I grew up in a small village in the middle of nowhere, somewhere near a small town of little consequence in the UK, known as ‘Huntingdon.’
Something between a mix of serendipity, scholarships and perseverance have taken me around the world for work, relationships, and adventures. My first love was for music, and I trained classically in voice, piano and flute from a young age, attaining grade 8 with the ABRSM by 16. At 18 I attended the Guildford School of Acting’s short course for musical theatre, facilitated by titan of industry, Gerry Tebbutt. Upon completion of the course, I went on to secure a recording contract with Blue Fox Management. After recording my first EP, I was whisked off to Cyprus to work as a vocalist on 5* resorts with KMC Entertainment. I was young, inexperienced, and petrified with a tiny rep list; I didn’t last long in the hotel arena. My Cyprus journey wasn’t over though. Belting my heart out in a karaoke bar somewhere on the outskirts of Paphos, I encountered my deus ex machina in the form of DJ Korine Skelter, who transformed the tragic narrative of my hotel shortcomings into a delicious denouement. Korine Performance Management launched me into the bar and club circuit with a new act, an Amy Winehouse tribute. I had the time of my life performing around the island of Cyprus, and that was it…my passion for travel had been ignited. I’ve been an avid fan of exploring throughout my twenties and have gallivanted around 80 or so countries. I guess at some point I figured it was time to settle down. Arriving in Canada has been a new chapter for me. Toronto is home.
Inspired largely by all these creativity-rousing wanderings, I have tried to develop a production company that seeks to connect diverse and varied talent from around the globe. Elysian Productions aims to establish praxis and work that amplifies marginalised voices, predominantly through interventionist, dialogically-based pedagogical methods that employ the fundamentals of Boal’s Theatre of the Oppressed techniques, whilst aspiring to exceptional production value.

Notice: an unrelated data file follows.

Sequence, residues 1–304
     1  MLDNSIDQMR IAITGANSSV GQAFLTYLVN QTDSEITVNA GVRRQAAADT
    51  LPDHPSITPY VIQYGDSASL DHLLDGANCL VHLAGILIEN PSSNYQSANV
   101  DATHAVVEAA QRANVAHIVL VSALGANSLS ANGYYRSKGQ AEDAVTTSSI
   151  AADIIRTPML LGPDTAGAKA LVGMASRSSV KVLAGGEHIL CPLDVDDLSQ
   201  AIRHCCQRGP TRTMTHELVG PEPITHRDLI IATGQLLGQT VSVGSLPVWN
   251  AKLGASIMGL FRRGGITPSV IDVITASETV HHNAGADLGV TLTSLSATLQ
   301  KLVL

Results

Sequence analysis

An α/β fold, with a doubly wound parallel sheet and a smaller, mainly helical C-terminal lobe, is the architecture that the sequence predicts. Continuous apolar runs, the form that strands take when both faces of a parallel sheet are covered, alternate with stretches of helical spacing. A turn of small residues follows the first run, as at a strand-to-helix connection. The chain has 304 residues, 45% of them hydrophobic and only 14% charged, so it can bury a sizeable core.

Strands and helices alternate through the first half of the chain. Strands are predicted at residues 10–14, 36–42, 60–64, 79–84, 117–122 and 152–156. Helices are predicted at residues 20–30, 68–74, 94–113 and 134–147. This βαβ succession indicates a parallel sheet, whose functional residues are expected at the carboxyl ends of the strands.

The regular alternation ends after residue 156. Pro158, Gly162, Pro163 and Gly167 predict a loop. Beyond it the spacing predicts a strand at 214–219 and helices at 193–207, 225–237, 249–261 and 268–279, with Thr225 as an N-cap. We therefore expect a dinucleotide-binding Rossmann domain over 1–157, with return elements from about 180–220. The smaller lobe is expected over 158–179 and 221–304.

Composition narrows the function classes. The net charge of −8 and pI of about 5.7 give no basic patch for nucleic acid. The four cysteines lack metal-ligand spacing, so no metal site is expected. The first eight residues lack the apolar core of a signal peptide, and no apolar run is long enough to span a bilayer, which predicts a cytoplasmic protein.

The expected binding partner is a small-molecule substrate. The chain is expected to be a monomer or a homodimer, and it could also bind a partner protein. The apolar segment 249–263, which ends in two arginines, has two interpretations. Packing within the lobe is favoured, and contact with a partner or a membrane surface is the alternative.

At 19, I attained a scholarship to attend the prestigiously renowned Royal Conservatoire of Scotland and relocated to Glasgow for my BA in Musical Theatre. This encompassed 3 years of intensive training in dance, music, acting and voice, integrated through conservatoire-level tuition, professional workshops and industry practice and performance. My time in Scotland was colourful and exhaustive: I went on tour with Susan Boyle, performed numerous times at the SECC, sang with John Barrowman in concert, filmed on the River City set, spent a season as a performer in Mallorca, filmed for Children in Need with the BBC, took a devised show to the Verge and had the opportunity to perform on a West End stage whilst featured in shows such as Legally Blonde, Betty Blue Eyes and A Man of No Importance, to name a few. Upon graduating I attained an agent in the heart of London. London was utterly unaffordable for me at that age, whilst going back to the small village in the middle of nowhere was no option. Fortunately for me, I was engaged to a dude in Dubai at the time. My partner booked me on a flight to DXB and it was the start of a new chapter. I honestly did not anticipate that I would be able to work in a creative capacity while I was living in the Middle East; performance jobs are limited and usually sourced from overseas. I landed an opportunity early on though, to work on events for the Diplomat Club. I was hired by the Ambassador of Pakistan to speak at these events, addressing Royalty and Diplomats alike. It was a lucky gig for me; I had initially only been hired for one event and as a back-up, secondary speaker. The Ambassador had a regular emcee already; this semi-famous Italian public speaker guy with a tonne of credits and experience. Typical Dubai style though, the Ambassador decided he preferred doe-eyed, (more like ‘deer-in headlights’) 22 year-old me, so he fired that guy and hired me instead. I think people over there are generally under the impression that annunciating with an RP British accent equates to some kind of paramount integrity. Thanks BBC. To which, much-piqued Italian guy, packing up his briefcase in haughty disdain turned to me and exclaimed – “Vafanopoli” – which I have come to learn means ‘go to Naples.’ Sounded pleasant enough at the time. Not so much of a ‘bon voyage’ as anticipated though- apparently Naples is the place to tell someone to go get sodomised. C’est la vie.